Even without the suggestion of a “revolving door,” it seems clear that there is a desire of government leadership to deflect criticism, which at the very least suggests that officials are more concerned about their reputation than addressing welfare issues. In the Oklahoma audit, the reviewers stated, “there is evidence that senior managers have massaged these reports to make the numbers look better” (Miller 2011: 26), and that their quality control standards are monitored as to whether the reports “look like they will work” (Obradovic 2011: 3). In Los Angeles, an independent review reasoned that the DCFS’s extensively inconsistent classification of child deaths may be precipitated by incentives to deflect criticism (Office of Independent Review: Los Angeles County 2010). While the Los Angeles DCFS director said the inconsistencies were honest mistakes, a superior stated that “there are some reasons to believe that this is not just an accidental disconnect” (Zev Yaroslavsky: Los Angeles County Supervisor 2010). In 2015, a Texas judge presiding over the state foster care system ruled that the system was unconstitutional because it violated the 14th amendment right to be free from harm caused by the state (USDC: SDT 2015). Recently, the judge called the state’s inaction to improve the unconstitutional system “shameful” (Morris 2019). Further, with regard to its communication with her since 2015, she stated, “I cannot find DFPS [Department of Family and Protective Services] to be credible at any level” (ibid.). The judge is now choosing to rely only on court‐appointed monitors to convey progress updates. Finally, former Georgia senator Nancy Schaefer has published public remarks stating: “I believe Child Protective Services nationwide has become corrupt and that the entire system is broken almost beyond repair. I am convinced parents and families should be warned of the dangers” (Schaefer 2007). She describes Georgia’s DCFS as a “protected empire” and refers to them as “the ‘Gestapo’ at work” (ibid.).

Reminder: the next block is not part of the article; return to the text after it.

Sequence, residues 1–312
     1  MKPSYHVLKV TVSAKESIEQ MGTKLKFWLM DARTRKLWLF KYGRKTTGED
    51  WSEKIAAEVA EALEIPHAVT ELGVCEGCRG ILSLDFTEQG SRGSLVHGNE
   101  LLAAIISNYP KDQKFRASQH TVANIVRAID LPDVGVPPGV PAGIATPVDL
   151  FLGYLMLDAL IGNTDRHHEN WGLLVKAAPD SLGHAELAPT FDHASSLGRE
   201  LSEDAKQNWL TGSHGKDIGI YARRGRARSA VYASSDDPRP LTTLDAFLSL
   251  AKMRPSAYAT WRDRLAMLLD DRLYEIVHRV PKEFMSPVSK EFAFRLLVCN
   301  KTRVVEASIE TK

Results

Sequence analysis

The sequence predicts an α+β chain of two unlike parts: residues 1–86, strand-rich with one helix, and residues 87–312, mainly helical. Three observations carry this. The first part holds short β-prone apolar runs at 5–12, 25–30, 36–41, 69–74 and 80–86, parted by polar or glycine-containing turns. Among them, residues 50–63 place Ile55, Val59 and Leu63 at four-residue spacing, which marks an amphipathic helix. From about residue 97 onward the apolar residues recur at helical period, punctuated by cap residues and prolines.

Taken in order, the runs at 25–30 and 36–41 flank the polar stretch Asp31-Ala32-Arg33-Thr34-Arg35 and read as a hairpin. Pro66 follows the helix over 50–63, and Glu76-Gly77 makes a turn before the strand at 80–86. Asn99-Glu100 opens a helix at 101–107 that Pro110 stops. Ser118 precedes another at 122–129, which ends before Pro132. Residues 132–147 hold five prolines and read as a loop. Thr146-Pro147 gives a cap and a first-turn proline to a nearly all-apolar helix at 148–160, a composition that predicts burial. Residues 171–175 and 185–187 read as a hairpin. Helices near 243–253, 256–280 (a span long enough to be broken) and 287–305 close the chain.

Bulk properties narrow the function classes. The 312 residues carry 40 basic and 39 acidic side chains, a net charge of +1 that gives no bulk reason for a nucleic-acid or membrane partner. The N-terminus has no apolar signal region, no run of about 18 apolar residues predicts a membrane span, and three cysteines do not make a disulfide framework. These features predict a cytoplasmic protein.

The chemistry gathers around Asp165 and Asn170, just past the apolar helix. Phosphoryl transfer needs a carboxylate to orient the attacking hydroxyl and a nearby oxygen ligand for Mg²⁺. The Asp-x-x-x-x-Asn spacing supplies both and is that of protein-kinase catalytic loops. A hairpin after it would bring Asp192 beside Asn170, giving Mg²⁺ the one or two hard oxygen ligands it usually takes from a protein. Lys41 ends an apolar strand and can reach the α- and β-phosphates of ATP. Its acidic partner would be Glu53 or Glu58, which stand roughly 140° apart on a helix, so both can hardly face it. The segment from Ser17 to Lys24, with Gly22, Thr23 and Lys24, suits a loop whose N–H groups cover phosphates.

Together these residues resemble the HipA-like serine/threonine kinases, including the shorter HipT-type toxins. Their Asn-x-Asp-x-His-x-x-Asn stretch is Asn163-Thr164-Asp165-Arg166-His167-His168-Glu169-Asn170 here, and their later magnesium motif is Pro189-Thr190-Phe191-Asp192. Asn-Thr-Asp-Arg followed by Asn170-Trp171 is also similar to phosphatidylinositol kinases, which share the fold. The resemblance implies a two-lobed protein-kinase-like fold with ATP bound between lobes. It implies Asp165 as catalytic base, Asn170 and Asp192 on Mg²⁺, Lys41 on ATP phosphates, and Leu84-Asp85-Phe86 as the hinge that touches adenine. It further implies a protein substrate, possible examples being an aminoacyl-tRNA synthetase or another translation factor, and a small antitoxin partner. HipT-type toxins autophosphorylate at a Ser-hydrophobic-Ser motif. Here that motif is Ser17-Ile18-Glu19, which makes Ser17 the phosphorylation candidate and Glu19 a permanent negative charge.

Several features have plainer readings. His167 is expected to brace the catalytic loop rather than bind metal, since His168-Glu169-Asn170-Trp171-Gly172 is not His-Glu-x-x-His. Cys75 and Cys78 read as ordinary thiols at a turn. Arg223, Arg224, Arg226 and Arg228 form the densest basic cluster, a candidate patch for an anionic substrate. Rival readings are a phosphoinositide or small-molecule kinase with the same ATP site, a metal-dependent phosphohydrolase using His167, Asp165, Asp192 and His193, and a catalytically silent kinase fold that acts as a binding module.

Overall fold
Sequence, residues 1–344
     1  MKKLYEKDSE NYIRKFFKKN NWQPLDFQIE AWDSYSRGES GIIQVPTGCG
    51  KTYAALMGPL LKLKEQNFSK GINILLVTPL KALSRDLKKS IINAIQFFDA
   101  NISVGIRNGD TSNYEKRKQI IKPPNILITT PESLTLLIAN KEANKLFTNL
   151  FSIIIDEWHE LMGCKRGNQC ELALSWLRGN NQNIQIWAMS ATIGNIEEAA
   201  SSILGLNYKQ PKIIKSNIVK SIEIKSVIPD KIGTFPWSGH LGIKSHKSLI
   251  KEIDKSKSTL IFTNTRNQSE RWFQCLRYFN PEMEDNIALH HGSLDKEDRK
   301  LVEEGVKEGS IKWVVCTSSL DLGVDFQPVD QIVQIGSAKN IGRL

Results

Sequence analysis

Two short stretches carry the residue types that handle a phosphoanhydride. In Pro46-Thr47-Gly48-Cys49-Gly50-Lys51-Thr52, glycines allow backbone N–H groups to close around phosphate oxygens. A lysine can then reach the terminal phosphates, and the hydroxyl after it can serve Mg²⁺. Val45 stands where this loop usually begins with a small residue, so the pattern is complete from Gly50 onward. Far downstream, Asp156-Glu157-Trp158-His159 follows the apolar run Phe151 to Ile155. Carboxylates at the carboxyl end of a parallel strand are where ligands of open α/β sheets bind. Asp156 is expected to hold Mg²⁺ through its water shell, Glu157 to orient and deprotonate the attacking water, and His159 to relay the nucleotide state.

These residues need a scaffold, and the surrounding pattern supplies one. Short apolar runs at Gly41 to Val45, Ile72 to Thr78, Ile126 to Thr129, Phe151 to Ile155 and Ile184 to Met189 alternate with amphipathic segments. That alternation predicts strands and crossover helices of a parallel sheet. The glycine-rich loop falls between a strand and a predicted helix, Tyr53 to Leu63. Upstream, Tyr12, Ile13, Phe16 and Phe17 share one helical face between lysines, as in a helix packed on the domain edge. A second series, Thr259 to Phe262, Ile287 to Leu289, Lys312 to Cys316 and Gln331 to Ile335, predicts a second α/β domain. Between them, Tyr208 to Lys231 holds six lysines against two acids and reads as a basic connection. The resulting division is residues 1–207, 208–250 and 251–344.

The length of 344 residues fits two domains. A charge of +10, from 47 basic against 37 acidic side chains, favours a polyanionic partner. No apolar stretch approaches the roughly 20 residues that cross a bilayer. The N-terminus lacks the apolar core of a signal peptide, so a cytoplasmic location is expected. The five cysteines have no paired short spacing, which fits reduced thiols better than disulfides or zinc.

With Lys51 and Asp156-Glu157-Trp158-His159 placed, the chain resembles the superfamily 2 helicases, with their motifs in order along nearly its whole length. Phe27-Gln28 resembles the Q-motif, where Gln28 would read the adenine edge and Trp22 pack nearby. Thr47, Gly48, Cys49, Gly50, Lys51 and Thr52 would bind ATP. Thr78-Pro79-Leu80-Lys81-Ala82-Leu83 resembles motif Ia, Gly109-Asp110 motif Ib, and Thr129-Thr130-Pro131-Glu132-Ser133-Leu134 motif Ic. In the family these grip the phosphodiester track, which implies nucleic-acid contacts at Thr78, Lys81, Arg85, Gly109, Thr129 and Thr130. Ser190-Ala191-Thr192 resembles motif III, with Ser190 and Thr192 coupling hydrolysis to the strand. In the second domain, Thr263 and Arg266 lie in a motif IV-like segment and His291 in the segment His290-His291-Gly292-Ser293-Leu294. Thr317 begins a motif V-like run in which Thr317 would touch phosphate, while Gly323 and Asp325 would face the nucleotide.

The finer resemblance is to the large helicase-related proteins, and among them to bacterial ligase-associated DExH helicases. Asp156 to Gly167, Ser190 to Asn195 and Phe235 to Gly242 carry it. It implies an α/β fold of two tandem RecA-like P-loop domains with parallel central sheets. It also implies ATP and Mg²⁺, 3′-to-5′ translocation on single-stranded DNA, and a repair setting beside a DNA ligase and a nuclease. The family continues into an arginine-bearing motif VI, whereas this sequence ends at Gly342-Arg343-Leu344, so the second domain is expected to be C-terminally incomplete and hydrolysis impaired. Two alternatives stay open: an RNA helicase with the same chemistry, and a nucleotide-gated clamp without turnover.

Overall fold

Limitations and Policy Implications